Weslo presents a deep and broad understanding about event management with a focus on best practices..
Most Event Organisers will engage external service providers at some stage of the event planning phase. This may include but is not limited to any of the following:
When entering into a contract, you want to make sure you are getting what you need and what you are paying for. Therefore, it is highly desirable that all contracts be in writing in the form of a letter supported by written agreement to document exactly what you want and are and are not paying for. This also avoids misunderstandings and minimises arguments over what has been agreed.
On occasion service providers sub-contract their services to another party. As an event organiser you need to be aware and approve the company that is working on your event site. If you are happy for a service provider to sub contract the services that you have requested then you need to make sure you have a copy of the relevant documentation such as insurances and licenses. Whether it is a direct service provider or a sub-contracted provider, you should demand the same level of skill, experience and documentation.
If you require temporary infrastructure such as marquees, staging and seating stands then you will also need to make sure that the person overseeing the contract and all staff working within the construction site are properly qualified to do so.
In the Event Plan record all the contracts and agreements and supporting documentation required to oversee these contracts.
Key stakeholders are the main contacts you require in order to run your event successfully. They may include your event manager, sponsors, performers, staff, key promotional sources, organising committee, logistical companies, emergency management providers such as the Police and Council contacts.
When identifying staff, volunteers and an organising committee it is important to designate set tasks so everyone is clear on their own role.
In your event plan list all the key stakeholders involved in the event taking into consideration internal and external stakeholders. Provide current contact details such as business hours and mobile contacts, postal address and email address. To make this a practical resource, group the contacts under headings such as sponsors, logistics, Council contacts and so on.
Depending on the scale of the event, planning might occur from 2 months to 6 months out from the event date. Detailed below is a guideline on various aspects of an event. Each event’s timelines will be different and will have differing requirements you will need to fulfil. It is strongly recommended once you have determined your event date work backwards, detailing the tasks required. This will generally determine if you have enough time and resources to undertake a safe and successful event.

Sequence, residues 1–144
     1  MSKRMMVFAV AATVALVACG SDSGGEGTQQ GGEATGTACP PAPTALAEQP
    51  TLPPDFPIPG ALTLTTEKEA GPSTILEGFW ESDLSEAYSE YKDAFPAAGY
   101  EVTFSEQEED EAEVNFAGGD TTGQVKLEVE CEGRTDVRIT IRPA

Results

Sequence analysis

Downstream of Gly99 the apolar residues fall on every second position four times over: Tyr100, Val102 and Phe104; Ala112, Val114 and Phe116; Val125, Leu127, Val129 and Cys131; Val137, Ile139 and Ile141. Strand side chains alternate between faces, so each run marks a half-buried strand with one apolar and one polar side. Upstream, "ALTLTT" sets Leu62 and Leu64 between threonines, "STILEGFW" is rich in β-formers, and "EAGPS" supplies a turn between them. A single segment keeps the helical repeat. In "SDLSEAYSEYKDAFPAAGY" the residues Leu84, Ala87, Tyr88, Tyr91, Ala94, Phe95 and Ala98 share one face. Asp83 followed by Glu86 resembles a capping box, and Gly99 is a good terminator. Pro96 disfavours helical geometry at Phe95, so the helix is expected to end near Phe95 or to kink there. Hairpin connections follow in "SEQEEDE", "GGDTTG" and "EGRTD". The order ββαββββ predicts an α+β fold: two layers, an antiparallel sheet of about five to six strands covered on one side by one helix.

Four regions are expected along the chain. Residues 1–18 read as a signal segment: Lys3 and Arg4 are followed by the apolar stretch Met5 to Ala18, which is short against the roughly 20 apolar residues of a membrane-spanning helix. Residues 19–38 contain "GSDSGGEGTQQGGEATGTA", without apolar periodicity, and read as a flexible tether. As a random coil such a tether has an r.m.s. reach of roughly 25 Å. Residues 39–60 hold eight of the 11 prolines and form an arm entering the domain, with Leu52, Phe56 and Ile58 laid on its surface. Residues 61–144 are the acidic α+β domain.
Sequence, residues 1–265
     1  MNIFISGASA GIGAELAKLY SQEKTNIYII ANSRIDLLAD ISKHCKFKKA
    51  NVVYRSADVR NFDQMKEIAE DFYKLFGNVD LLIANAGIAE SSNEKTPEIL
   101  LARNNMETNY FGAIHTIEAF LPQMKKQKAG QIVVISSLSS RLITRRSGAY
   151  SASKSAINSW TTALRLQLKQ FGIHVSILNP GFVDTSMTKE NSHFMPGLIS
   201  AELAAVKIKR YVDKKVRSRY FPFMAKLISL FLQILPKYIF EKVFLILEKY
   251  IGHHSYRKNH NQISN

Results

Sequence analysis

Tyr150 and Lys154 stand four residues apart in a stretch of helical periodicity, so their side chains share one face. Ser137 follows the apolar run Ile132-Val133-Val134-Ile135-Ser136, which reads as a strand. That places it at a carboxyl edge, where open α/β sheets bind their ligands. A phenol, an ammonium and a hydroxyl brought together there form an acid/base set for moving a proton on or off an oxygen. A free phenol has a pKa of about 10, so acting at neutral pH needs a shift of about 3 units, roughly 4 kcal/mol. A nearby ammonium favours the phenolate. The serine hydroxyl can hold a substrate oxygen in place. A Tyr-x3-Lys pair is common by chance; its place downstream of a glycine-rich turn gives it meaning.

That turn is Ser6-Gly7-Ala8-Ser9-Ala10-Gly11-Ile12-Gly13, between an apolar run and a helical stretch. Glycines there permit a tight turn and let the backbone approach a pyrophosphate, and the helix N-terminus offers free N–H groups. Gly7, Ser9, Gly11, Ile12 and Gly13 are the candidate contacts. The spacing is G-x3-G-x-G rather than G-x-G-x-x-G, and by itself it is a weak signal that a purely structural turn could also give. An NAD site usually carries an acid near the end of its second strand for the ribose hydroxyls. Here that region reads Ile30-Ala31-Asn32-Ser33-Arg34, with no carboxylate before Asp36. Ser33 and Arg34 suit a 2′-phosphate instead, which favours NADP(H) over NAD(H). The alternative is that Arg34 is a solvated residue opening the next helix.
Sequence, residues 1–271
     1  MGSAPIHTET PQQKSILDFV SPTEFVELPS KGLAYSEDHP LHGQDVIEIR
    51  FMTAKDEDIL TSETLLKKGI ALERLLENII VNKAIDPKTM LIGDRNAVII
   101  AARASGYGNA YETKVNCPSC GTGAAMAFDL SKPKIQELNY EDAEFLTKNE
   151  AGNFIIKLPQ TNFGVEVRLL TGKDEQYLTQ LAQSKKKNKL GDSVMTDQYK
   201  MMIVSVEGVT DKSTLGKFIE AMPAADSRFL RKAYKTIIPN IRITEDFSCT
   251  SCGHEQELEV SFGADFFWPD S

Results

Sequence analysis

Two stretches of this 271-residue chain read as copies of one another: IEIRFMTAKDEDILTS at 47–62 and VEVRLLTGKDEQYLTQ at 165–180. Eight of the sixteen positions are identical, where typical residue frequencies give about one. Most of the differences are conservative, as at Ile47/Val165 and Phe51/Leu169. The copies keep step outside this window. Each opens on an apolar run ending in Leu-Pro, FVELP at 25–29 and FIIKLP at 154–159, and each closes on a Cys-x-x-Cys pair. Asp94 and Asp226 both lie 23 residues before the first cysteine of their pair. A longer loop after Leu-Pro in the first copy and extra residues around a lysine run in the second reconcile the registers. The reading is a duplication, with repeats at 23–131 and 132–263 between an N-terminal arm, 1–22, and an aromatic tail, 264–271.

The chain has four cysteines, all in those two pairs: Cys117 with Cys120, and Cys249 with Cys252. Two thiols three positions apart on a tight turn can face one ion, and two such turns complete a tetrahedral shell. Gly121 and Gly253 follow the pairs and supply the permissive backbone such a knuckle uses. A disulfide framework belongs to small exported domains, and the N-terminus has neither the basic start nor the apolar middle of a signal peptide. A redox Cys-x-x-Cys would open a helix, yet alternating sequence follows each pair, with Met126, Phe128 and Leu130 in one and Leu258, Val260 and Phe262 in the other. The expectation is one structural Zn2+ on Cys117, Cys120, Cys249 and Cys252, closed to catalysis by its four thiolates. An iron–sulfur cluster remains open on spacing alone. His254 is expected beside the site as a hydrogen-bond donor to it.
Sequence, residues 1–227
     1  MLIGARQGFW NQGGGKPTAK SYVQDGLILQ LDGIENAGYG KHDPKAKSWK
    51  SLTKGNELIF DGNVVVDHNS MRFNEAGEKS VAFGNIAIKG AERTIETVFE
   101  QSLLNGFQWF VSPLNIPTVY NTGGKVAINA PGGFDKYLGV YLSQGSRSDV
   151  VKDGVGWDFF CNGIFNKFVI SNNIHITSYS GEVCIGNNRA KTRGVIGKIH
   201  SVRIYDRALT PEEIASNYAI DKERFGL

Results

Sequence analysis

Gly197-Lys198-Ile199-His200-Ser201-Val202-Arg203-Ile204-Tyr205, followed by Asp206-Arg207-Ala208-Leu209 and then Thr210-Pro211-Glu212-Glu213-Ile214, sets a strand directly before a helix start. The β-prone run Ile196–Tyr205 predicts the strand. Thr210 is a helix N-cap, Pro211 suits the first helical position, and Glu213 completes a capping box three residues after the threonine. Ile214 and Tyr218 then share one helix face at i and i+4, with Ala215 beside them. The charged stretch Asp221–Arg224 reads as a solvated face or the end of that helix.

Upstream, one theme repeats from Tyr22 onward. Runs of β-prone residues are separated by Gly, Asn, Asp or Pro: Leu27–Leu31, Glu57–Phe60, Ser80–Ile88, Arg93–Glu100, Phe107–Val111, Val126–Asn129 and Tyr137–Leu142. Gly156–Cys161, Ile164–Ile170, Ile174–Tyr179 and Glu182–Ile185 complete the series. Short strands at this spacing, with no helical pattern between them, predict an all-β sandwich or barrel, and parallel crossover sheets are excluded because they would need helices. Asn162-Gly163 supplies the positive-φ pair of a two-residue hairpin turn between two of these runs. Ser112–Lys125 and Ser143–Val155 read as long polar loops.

Four to Eight months out from Event
Three Months out from Event
Two months out from the event
One month out from the event
One week out from event
Day prior to the event
After the event
The aims and objectives of your event will provide the key directional outcomes for the event and organiser to achieve. They may include the programming purpose of your event and the social, financial, accessible, environmental and promotional outcomes that you aim to achieve. Detail who your event is for and your intended audience.
A venue needs to be sourced that is suitable for the size of the event, taking into consideration the program and the number of people you are expecting to attend. All indoor venues will have a maximum capacity, hours of operation, noise level, catering and alcohol requirements that must be adhered to.
It is also important that you take into consideration your surrounding environment and the impact it may have on residents, local businesses and other activities or user groups within the area. Approximately 2 weeks out from the event conduct a letter drop to residents and business that advises them of your event and warns of any noise.
If you are holding an event within parks and reserves you must protect all park facilities from damage and avoid inappropriate use.
Key areas to protect are:
Surface (the grass) – for example ensure there are is no infrastructure on site that may burn the grass during hot weather, ensure any vechiles or machinery cause rutting, depressions or indentations into the grass